Coffee Lab welcomes Kapwa & Kapé for Philippine American History Month

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Live music and spoken poetry filled the Evanston Coffee Lab on Saturday afternoon as residents and students gathered to celebrate Filipino American History Month.

A collaboration between Kitchen Table Stories Project, Kids Create Change, Studio 3 Evanston and Coffee Lab, Kapwa & Kapé weekend The event allowed community members to enjoy traditional Filipino food, entertainment and art.

“Kapwa means oneness, oneness, reciprocity with one another, and kapé means coffee,” Abbey Monsalud said., an art therapy intern at Studio 3 and one of the event organizers. “We wanted to create a space to bring everyone together to experience this oneness with each other. “

Filipino American History Month commemorates the arrival of the first Filipinos to America on October 18, 1587. Monsalud and Melissa Raman Molitor, co-founder of Kids Create Change and founder of Kitchen Table stories, both said they believe that it was important to create an event that recognized the presence and culture of Filipino Americans.

While Molitor created programming for Asian and Pacific Islander American Heritage Month, she said she wanted to create a space that specifically showcases Filipino American voices.

“It’s really important to celebrate the cultures that hide under this big umbrella so that people realize that we are not a monolith,” Molitor said.

Artist lineup included Sans Miguel, Ayrie Gomez, Czaerra Ucol, Deneza, Dori-Taylor Carter, Ky Kami, Resurreccion, Aériel Cabitac and Christian Aldana. The artists sang and read poetry on a variety of subjects including language, family, femininity, sexuality, and food.

Aldana, founder and creative director of local organization Luya Poetry, said art is a way for people to celebrate their personal cultural experiences. She cited Deneza’s songs about mental health and her mother, as well as the poetry of Ucol and Taylor as examples.

“Seeing Filipinos celebrating together, but also thinking about their own travels and experiences and putting them into their art, is an important way to tell our stories,” said Aldana. “It’s a recovery process.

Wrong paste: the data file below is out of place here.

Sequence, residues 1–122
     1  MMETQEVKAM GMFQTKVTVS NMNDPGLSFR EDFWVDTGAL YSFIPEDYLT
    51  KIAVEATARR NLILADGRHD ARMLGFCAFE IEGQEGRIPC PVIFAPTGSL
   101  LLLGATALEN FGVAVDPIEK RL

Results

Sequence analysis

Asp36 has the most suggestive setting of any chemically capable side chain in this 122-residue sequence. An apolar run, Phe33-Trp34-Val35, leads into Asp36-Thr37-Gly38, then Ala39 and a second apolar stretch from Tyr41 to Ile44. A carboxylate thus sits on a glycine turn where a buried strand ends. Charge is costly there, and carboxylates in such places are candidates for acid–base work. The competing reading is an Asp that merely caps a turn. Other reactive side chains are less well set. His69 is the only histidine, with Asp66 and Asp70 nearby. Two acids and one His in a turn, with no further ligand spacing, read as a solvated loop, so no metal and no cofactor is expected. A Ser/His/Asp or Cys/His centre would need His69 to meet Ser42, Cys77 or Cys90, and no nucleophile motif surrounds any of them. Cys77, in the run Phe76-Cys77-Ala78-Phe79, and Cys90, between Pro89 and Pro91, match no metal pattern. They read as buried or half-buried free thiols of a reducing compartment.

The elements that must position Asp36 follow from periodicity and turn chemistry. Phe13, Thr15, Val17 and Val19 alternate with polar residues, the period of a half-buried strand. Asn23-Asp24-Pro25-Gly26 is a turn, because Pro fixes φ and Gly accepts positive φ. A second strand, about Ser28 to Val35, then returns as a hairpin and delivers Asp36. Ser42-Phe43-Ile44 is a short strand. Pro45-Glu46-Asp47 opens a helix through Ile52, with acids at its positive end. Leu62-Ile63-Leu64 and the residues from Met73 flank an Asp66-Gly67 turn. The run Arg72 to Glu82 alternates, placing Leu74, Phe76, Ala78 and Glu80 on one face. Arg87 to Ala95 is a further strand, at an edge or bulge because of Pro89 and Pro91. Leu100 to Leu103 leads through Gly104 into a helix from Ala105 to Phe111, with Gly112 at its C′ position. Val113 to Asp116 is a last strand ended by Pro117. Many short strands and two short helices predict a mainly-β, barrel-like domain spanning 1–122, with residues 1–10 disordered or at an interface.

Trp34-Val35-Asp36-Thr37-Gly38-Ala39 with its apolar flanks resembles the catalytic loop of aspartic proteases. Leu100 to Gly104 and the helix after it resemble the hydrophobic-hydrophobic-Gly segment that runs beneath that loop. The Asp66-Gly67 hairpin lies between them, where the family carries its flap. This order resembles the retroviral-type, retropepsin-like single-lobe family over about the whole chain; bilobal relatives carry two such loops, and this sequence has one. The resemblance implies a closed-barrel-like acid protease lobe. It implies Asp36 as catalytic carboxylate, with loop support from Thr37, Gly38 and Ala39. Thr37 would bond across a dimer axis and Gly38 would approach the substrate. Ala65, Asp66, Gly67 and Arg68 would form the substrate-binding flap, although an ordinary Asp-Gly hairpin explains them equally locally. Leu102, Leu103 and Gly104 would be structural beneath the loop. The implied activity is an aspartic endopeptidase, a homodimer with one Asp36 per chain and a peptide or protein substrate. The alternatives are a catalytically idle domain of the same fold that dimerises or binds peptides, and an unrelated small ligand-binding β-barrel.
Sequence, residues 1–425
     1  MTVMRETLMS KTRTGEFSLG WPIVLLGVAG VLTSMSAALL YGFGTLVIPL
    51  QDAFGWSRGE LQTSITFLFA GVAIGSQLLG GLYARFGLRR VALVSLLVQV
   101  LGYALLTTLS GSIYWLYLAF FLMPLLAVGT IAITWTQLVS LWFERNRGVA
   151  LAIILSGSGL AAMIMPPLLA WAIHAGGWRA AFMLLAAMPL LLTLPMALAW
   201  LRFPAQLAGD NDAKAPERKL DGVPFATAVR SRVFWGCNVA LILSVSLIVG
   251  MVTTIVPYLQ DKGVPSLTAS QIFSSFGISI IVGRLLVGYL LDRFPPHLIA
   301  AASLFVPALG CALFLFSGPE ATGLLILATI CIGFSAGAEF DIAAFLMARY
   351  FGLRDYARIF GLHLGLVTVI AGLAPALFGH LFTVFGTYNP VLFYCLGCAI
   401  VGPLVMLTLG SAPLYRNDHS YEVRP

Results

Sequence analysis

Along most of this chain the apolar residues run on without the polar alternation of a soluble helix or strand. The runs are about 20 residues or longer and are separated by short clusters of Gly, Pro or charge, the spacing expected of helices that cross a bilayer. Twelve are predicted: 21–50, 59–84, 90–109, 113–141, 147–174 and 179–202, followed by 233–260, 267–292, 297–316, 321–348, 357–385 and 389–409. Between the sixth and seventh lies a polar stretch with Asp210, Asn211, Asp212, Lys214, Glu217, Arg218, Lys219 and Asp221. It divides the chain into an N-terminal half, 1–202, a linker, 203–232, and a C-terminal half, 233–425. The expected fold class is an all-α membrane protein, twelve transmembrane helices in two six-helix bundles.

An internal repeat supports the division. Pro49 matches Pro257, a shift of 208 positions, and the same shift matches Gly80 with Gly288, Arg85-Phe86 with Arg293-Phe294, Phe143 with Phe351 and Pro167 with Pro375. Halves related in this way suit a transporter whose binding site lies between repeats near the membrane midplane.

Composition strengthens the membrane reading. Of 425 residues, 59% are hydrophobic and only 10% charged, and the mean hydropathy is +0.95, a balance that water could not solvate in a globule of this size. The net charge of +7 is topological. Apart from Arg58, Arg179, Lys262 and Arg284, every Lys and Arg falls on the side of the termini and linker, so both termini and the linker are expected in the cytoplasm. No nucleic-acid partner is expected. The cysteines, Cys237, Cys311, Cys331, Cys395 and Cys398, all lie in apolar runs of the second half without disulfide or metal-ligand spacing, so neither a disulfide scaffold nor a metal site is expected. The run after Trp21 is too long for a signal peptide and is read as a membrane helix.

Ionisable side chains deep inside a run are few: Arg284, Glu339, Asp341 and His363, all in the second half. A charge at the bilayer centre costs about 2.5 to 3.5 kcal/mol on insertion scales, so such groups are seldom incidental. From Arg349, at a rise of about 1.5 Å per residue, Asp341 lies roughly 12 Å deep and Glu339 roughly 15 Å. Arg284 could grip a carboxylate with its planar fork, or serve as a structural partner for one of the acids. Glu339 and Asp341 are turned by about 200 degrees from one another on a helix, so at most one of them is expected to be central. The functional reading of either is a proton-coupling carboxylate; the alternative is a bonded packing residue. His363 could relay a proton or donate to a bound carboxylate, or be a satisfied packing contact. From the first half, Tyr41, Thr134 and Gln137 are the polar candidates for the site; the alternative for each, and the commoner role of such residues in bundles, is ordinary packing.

Aldana said they hope people share their art more, especially young Asian artists who question themselves because they think they won’t have an audience. They said that witnessing art by people who share identities with them makes them feel less alone.

Monsalud described this sentiment in response to the performance of the event, particularly Aldana’s oral poetry.

“I felt sadness, anger, the feeling of being seen and a lot of validation through his words,” Monsalud said. “I feel a lot of kapwa with these artists because the stories they tell are close to me.”

Participants could also create weavings with natural fibers like raffia, banana leaves and bamboo reeds, as well as other traditional materials like seashells and wooden beads.

Monsalud and Molitor explained that weaving has a long history in the Philippines. Molitor said that with technology, younger generations don’t need to continue traditional labor-intensive practices. The event therefore allowed participants to learn about weaving and recognize how it brings people together.

Monsalud explained how celebrating Filipino traditions such as weaving can combat the colonial mentality, which she described as the belief that her culture is inferior to the “mainstream” culture.

“It’s very internalized, especially for the Filipino diaspora, and we often forget our roots,” she said. “As I get older, I really want to celebrate my legacy more. I want to fully immerse myself in the Filipino community and celebrate who I am because for so much of my life I have put that aside.

Jay Costales, a freshman at Columbia College Chicago, said they had never attended any Filipino events that featured weaving before and were excited about it.

Costales said they believe it is important for the diaspora to keep their legacy alive, especially with a resurgence of younger generations connecting to their roots.

“Politics is a big part of why we’re here,” Costales said. “And recognizing that while eating great food and spending time with friends is really important.”

The event continued on Sunday, when attendees made lyrics – Filipino Christmas lanterns.

Monsalud said she hopes people leave the event knowing Filipinos deserve to be heard and celebrated. She also hopes the event will remind the Filipino community how the arts can improve their lives.

“It’s so natural that the arts promote community and kapwa,” Monsalud said. “It’s not about competing against each other. It’s not about tearing each other apart. It’s about uplifting one another.

E-mail: [email protected]

Twitter: @ prilshowers0

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Local artist, educator, community activist and art therapist Melissa Raman Molitor creates space to elevate the work of APIDA artists

Pinoy Show 2018 commemorates a Filipino revolutionary

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